Redcar firms stand together against coercive control following UN campaign
We’re working with EVA Women’s Aid to help raise awareness of coercive control as part of the UN’s campaign to eliminate violence against women and following its inclusion in soap operas Eastenders and Coronation Street.
Our team, which has a specialist department dedicated to working with survivors of domestic abuse, has a long-standing relationship with EVA Women’s Aid, and has raised money for the charity with many events, including a sponsored dog walk.
As part of the UN campaign, we attended a showing of the film Rattle Snake, performed by Newcastle-based Open Clasp Theatre Company, which was held at EVA’s offices. The film is based on real-life stories of women who have faced and survived coercive controlling domestic abuse.
Coercive or controlling behaviour as domestic abuse became a crime in 2015, and the film has been used to train officers in Durham Constabulary and Teesside Police to deal with both perpetrators and victims.
Over the past few months, Eastenders and Coronation Street have also highlighted the issues of coercive control in domestic violence through the relationships of Chantelle and Gray in Eastenders and Yasmeen and Geoff in Coronation Street. Both programmes worked closely with domestic abuse charities to ensure the portrayals are sensitive and supportive of survivors.
Gemma Brooke, a director and solicitor at Cygnet Law, said: “Even though soaps are known for their ‘doom and gloom’ plotlines, it is essential that they cover coercive control so that people who are potential victims are aware of the signs. I would say exactly the same about Rattle Snake, it is another accessible way of raising awareness.
“We have worked with a lot of domestic abuse survivors who either did not realise that they could seek help for coercive control and thought that it only became a crime when they had physical violence inflicted on them. This is not the case, and manipulative behaviour including humiliation, controlling what a partner does, making threats and intimidation can lead to prosecution.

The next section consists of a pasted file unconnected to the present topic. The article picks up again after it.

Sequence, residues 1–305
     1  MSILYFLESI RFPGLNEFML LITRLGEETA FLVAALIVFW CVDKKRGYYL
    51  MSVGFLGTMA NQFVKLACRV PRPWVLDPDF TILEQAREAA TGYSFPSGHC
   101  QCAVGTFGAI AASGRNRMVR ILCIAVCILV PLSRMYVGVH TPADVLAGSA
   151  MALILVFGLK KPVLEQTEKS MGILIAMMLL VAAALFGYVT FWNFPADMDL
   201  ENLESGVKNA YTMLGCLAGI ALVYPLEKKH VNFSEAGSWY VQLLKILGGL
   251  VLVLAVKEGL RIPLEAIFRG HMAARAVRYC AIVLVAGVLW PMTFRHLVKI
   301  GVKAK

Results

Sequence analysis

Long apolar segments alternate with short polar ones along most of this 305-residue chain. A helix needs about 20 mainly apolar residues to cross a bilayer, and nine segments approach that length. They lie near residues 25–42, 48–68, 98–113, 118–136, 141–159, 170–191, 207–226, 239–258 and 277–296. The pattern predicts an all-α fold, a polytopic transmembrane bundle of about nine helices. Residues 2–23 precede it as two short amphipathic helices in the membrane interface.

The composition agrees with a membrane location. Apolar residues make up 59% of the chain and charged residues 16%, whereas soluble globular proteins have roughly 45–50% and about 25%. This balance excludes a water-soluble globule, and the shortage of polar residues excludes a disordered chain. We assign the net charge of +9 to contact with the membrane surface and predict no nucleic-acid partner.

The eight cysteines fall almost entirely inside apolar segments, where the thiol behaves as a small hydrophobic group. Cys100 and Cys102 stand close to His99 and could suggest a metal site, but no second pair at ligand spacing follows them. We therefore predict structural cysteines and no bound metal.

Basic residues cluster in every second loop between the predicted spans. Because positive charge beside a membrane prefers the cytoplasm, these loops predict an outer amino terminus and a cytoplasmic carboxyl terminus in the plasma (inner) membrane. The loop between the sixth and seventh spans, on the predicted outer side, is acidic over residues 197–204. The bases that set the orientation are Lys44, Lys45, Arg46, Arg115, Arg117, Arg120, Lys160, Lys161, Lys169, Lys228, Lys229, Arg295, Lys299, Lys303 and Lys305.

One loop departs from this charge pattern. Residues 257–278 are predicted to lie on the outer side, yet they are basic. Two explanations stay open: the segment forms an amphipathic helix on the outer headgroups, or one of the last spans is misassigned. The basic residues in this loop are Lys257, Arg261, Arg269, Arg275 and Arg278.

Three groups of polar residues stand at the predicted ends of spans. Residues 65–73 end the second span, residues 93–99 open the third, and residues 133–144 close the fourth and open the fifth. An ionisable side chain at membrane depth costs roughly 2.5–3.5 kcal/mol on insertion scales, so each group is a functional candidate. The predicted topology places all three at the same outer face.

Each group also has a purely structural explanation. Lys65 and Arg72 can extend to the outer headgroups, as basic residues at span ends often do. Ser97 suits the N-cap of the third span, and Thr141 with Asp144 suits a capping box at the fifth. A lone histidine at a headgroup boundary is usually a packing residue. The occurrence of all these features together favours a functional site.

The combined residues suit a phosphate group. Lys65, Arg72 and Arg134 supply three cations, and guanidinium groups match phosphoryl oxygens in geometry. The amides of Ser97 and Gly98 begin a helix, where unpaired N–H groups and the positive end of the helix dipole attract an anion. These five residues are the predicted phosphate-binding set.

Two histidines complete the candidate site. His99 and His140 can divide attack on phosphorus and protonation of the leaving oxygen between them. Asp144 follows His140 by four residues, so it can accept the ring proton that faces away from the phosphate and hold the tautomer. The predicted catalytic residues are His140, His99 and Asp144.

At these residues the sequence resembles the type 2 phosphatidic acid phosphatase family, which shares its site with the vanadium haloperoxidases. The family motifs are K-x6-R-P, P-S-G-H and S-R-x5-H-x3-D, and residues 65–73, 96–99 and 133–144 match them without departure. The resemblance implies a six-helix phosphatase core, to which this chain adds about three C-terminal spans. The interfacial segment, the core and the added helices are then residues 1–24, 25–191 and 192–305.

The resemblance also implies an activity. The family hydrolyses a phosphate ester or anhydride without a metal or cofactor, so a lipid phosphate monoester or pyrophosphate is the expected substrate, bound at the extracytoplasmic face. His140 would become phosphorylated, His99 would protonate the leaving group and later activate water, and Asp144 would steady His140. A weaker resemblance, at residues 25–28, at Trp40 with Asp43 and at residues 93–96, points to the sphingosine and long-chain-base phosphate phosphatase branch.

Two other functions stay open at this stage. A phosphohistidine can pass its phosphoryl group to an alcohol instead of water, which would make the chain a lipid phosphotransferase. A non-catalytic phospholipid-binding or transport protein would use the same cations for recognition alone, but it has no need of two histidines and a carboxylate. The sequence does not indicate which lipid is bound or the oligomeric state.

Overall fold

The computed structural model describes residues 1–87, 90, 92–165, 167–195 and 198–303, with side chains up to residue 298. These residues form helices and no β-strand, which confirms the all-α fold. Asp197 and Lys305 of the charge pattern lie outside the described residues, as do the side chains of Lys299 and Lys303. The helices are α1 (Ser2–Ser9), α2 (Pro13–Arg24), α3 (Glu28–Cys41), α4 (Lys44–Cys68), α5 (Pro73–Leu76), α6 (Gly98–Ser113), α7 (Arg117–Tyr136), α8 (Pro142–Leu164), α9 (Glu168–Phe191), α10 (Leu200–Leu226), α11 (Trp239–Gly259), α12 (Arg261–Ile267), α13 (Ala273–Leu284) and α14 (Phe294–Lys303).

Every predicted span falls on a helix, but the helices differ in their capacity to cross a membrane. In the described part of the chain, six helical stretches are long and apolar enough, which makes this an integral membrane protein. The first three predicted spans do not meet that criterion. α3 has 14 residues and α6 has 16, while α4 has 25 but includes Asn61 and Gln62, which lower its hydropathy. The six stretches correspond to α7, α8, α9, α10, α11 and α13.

“We’re delighted that so much is happening in the media at the moment to get people talking and, more importantly, seeking help when they need it.”
Richinda Taylor, CEO of EVA Women’s Aid, said: “In 2018, EVA worked with more than 1000 women to support them through, and beyond, the trauma of abuse. Many of these cases included coercive control and we as a society must shine a light on it in order to help stop it.
“As part of the UN campaign to eliminate violence against women, we were delighted to screen Rattlesnake at EVA Women’s AID. It is a fantastic piece of theatre that has a real impact on those who view it as it gives a very real insight into the destructive dynamics of domestic abuse. We were also pleased to be hosting members of Cygnet Staff here too, who work closely with us in many ways to support victims of abuse. ”
Catrina McHugh MBE, who won Writer of the Year for Rattle Snake at the 2018 Journal Culture Awards, explains, “Rattle Snake holds the voices of those who have survived coercive control and our aim is to make the best theatre we can to ensure those voices are heard. This play matters because we live in a world where there is a sense of entitlement to take away another person’s liberty, to control and threaten.”
Rattle Snake is available to watch online for free until 10 December on the Open Clasp website.